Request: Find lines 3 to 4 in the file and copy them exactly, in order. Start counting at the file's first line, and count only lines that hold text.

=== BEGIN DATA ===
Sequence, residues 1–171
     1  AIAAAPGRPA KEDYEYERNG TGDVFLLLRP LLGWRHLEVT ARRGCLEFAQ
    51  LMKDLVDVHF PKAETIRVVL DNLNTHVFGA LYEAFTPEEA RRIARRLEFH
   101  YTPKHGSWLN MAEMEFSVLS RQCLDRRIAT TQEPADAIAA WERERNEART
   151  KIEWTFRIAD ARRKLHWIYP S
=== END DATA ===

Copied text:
    51  LMKDLVDVHF PKAETIRVVL DNLNTHVFGA LYEAFTPEEA RRIARRLEFH
   101  YTPKHGSWLN MAEMEFSVLS RQCLDRRIAT TQEPADAIAA WERERNEART